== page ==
Race-ethnic disparities in the impact of stroke risk factors: the northern Manhattan stroke study.
Sacco, R L
Lin, I F
Hauser, W A
Paik, M C
Sacco, R L and Boden-Albala, B and Abel, G and Lin, I F and Elkind, M and Hauser, W A and Paik, M C and Shea, S (2001) Race-ethnic disparities in the impact of stroke risk factors: the northern Manhattan stroke study. Stroke; a journal of cerebral circulation, 32 (8). pp. 1725-1731.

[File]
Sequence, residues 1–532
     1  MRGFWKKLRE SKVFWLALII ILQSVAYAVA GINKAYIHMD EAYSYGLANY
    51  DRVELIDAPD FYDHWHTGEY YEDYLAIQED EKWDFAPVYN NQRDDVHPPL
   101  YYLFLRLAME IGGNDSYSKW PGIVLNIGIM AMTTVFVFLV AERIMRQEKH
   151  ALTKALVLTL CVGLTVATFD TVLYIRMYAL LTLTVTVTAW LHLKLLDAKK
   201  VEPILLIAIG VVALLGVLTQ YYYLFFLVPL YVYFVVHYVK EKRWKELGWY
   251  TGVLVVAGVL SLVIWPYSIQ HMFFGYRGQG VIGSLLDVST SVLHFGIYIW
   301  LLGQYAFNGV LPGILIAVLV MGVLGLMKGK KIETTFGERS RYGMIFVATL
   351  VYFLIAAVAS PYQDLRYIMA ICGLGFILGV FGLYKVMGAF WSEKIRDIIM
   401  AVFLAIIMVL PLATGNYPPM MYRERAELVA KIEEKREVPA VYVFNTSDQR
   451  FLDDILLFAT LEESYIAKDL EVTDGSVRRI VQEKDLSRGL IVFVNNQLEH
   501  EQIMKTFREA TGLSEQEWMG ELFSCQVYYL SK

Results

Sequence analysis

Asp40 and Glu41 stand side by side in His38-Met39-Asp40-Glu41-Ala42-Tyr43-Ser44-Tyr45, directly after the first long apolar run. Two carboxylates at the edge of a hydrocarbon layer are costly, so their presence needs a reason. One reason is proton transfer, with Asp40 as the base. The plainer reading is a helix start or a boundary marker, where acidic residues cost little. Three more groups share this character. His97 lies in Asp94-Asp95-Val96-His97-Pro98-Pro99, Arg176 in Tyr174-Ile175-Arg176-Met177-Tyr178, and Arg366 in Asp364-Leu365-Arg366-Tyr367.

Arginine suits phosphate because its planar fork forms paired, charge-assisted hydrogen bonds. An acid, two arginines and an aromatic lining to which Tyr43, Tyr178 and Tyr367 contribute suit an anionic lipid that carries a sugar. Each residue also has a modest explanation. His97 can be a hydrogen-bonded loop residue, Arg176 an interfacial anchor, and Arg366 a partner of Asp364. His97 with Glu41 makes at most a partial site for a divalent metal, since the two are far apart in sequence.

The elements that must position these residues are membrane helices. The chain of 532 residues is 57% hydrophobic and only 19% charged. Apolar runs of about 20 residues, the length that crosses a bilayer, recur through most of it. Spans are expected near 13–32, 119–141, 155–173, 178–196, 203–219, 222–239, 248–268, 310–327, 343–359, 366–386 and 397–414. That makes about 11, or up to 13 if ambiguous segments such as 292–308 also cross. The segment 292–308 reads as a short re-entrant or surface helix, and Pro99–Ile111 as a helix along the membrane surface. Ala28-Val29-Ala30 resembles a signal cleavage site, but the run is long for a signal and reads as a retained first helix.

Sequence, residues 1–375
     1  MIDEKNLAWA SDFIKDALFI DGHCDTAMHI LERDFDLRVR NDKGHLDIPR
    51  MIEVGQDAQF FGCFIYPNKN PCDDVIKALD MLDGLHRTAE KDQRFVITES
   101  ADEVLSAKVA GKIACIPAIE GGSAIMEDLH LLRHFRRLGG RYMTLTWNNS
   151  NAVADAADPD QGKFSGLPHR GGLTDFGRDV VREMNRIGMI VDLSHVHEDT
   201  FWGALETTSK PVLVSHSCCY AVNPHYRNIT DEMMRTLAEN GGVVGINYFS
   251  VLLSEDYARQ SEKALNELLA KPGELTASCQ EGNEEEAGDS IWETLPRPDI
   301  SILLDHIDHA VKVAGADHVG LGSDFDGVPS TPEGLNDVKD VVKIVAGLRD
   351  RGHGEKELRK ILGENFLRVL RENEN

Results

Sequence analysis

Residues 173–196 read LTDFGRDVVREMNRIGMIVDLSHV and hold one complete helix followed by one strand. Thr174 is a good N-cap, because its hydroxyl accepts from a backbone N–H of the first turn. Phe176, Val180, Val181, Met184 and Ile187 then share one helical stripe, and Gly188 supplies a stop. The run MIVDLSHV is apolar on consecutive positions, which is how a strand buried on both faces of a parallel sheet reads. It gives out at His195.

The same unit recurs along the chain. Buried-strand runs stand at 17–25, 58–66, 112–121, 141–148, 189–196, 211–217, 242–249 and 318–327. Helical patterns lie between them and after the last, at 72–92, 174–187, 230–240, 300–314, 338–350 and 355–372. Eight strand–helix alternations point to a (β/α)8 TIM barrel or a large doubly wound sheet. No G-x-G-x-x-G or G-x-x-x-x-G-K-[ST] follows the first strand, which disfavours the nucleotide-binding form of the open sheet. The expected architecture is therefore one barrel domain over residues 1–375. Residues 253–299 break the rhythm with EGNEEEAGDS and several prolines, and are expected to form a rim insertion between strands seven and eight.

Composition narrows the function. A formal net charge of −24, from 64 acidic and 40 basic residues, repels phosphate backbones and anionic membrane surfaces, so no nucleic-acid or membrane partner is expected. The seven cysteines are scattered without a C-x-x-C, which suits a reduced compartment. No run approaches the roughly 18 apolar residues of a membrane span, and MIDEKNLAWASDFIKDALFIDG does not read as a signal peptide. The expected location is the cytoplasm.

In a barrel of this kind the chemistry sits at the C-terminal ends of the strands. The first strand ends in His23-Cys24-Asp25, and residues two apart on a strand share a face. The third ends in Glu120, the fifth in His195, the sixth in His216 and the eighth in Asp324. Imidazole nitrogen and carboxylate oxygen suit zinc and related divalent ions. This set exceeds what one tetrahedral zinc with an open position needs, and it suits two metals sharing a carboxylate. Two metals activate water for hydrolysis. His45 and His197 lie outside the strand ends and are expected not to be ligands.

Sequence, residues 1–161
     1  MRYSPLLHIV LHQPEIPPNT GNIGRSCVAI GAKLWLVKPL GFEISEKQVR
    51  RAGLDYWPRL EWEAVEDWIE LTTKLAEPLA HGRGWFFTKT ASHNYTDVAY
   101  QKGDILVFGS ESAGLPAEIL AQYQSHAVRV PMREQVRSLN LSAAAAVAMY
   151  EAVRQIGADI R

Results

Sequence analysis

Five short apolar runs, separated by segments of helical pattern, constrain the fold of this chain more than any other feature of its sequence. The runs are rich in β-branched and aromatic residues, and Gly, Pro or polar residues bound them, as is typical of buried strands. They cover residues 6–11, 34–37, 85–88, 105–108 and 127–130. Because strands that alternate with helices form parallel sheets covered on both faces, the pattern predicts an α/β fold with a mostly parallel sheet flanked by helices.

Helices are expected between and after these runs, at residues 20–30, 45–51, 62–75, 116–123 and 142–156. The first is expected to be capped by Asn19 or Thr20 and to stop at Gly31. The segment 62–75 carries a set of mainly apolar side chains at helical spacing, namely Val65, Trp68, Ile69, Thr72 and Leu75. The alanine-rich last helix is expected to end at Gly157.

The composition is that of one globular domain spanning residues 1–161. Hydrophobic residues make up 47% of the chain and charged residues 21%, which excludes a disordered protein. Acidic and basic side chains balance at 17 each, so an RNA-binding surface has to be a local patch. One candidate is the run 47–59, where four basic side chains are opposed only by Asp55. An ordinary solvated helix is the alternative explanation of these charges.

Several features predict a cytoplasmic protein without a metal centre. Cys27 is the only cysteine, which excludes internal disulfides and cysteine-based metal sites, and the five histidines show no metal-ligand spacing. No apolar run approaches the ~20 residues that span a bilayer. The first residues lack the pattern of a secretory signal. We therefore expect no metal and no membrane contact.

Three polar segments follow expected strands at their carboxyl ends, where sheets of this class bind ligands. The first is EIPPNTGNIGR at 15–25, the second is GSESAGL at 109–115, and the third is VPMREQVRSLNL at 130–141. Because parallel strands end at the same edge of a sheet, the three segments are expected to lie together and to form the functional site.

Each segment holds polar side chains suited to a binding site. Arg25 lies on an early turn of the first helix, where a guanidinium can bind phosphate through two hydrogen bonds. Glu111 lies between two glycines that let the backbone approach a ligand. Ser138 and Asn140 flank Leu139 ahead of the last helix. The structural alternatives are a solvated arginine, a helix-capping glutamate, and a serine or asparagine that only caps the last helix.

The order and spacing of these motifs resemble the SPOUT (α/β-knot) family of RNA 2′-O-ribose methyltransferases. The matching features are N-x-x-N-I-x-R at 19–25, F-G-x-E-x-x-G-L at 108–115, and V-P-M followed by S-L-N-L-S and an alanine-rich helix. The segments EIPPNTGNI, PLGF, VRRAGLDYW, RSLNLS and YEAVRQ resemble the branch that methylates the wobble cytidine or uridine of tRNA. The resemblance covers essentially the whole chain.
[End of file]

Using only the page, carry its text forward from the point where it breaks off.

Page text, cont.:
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BACKGROUND AND PURPOSE: Stroke risk factors have been determined in large part through epidemiological studies in white cohorts; as a result, race-ethnic disparities in stroke incidence and mortality rates remained unexplained. The aim in the present study was to compare the prevalence, OR, and etiological fraction (EF) of stroke risk factors among white, blacks, and Caribbean Hispanics living in the same urban community of northern Manhattan. METHODS: In this population-based incident case-control study, cases (n=688) of first ischemic stroke were prospectively matched 1:2 by age, sex, and race-ethnicity with community controls (n=1156). Risk factors were determined through in-person assessment. Conditional logistic regression was used to calculate adjusted ORs in each race-ethnic group. Prevalence and multivariate EFs were determined in each race-ethnic group. RESULTS: Hypertension was an independent risk factor for whites (OR 1.8, EF 25%), blacks (OR 2.0, EF 37%), and Caribbean Hispanics (OR 2.1, EF 32%), but greater prevalence led to elevated EFs among blacks and Caribbean Hispanics. Greater prevalence rates of diabetes increased stroke risk in blacks (OR 1.8, EF 14%) and Caribbean Hispanics (OR 2.1 P<0.05, EF 10%) compared with whites (OR 1.0, EF 0%), whereas atrial fibrillation had a greater prevalence and EF for whites (OR 4.4, EF 20%) compared with blacks (OR 1.7, EF 3%) and Caribbean Hispanics (OR 3.0, EF 2%). Coronary artery disease was most important for whites (OR 1.3, EF 16%), followed by Caribbean Hispanics (OR 1.5, EF 6%) and then blacks (OR 1.1, EF 2%). Prevalence of physical inactivity was greater in Caribbean Hispanics, but an elevated EF was found in all groups. CONCLUSIONS: The prevalence, OR, and EF for stroke risk factors vary by race-ethnicity. These differences are crucial to the etiology of stroke, as well as to the design and implementation of stroke prevention programs.